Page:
How Steve Jobs and Apple dented the digital universe

“The second, and possibly final, conclusion of Steve Jobs run as Apple’s CEO shook the world in ways that would only surprise those still not paying attention,” Nathan Evans writes for Popzara.

“His sudden retirement from the company he helped found, no doubt brought upon by what many are calling a re-occurrence of his pancreatic cancer, despite a well-publicized liver transplant in 2009,” Evans writes. “The news stole headlines, and for good reason; he wasn’t just the most popular CEO in the world, but also the best. Since rejoining Apple in 1997, he helped steer the increasingly irrelevant fruit company from the trash bin of history and turned it into the most valuable in the world.”

Evans writes “Steve Jobs is among the last of a generation that not only created the computer revolution, but became that uniquely American symbol of it. His archetypical twin, Bill Gates, may have been the world’s richest man and Father of Windows, but it was Jobs who provided the spark that would forever change the digital landscape. It was his insistence that computers and technology themselves could be beautiful, in both design and function, that led to several revolutions in how we consume – and create – the world around us. From typeface to music, to novels and games and everything in-between, Jobs assumed the role of the tech world’s Prometheus, and did so with a personality and style so convincingly and unabashedly charismatic that some dubbed it the ‘reality distortion field.'”

Much more in the full article – recommended – here.
 

[Thanks to MacDailyNews Reader “krquet” for the heads up.]

16 Comments

  1. Re the RDF, I’ve always felt Steve’s brazen exultant declarations of truth were refreshing bold anchors to reality.

    The garbage spewing from others was the distortion.

  2. > The second, and possibly final, conclusion of Steve Jobs run as Apple’s CEO shook the world…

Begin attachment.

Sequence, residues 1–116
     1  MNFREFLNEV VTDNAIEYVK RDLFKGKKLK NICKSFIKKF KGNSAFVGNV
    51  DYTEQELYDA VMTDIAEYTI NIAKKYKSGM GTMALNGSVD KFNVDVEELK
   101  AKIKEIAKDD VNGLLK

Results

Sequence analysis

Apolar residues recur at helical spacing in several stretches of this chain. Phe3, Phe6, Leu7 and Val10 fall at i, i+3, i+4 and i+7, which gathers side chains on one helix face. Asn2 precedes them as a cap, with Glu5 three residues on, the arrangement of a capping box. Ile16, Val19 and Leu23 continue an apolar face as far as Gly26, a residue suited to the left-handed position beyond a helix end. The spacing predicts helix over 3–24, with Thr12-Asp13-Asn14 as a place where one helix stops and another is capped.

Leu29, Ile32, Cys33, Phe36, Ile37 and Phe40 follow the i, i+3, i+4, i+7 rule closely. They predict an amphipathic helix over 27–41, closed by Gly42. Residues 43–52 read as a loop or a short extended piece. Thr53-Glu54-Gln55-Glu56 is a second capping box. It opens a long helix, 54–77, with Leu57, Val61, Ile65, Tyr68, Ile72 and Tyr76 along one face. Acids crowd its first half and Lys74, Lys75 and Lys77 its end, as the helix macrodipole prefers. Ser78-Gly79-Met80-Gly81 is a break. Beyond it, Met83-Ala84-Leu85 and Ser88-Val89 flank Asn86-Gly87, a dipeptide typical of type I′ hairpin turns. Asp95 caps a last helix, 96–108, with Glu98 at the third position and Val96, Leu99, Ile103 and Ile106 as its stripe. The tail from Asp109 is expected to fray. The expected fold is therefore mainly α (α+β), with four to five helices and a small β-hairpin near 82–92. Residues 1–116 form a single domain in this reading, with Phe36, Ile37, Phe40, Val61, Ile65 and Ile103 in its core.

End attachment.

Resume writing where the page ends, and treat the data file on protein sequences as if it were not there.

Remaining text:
Steve Jobs only had ONE “run” as Apple’s CEO.

    > His sudden retirement from the company he helped found, no doubt brought upon by what many are calling a re-occurrence of his pancreatic cancer

    “No doubt”? Pure speculation.

      1. In addition to the “Photoshop” thought, who can prove that these are recent? Maybe they were taken back during the time of the liver transplant surgery, when his condition was probably at its worst.

        Also, he DID work a full day on his last day as CEO, at Apple HQ, and attend the Board meeting in person to present his resignation and ask that he be made Chairman.

    1. Absolutely.
      He knew exactly how to sale a product and an idea and his father new exactly how to read & write a contract.
      Did Bill create anything? Nope, he just saw how to make a different mouse trap and new how to sell it. It didn’t matter to him if it was good or if it worked, just that it sold and he could lock you into a system, that once in you couldn’t afford to get out of.

      My 2 cents.

        1. Compaq reverse engineering the BIOS and essentially creating the PC commodity market was a major component.

          I think MS would have lost if they were confined to IBM hardware only.

  3. How ever great Jobs and Apple are — they could be greater.
    The stuff Jobs threw out and was stolen made people billionaires.
    And the future was made from such a shortsighted person.

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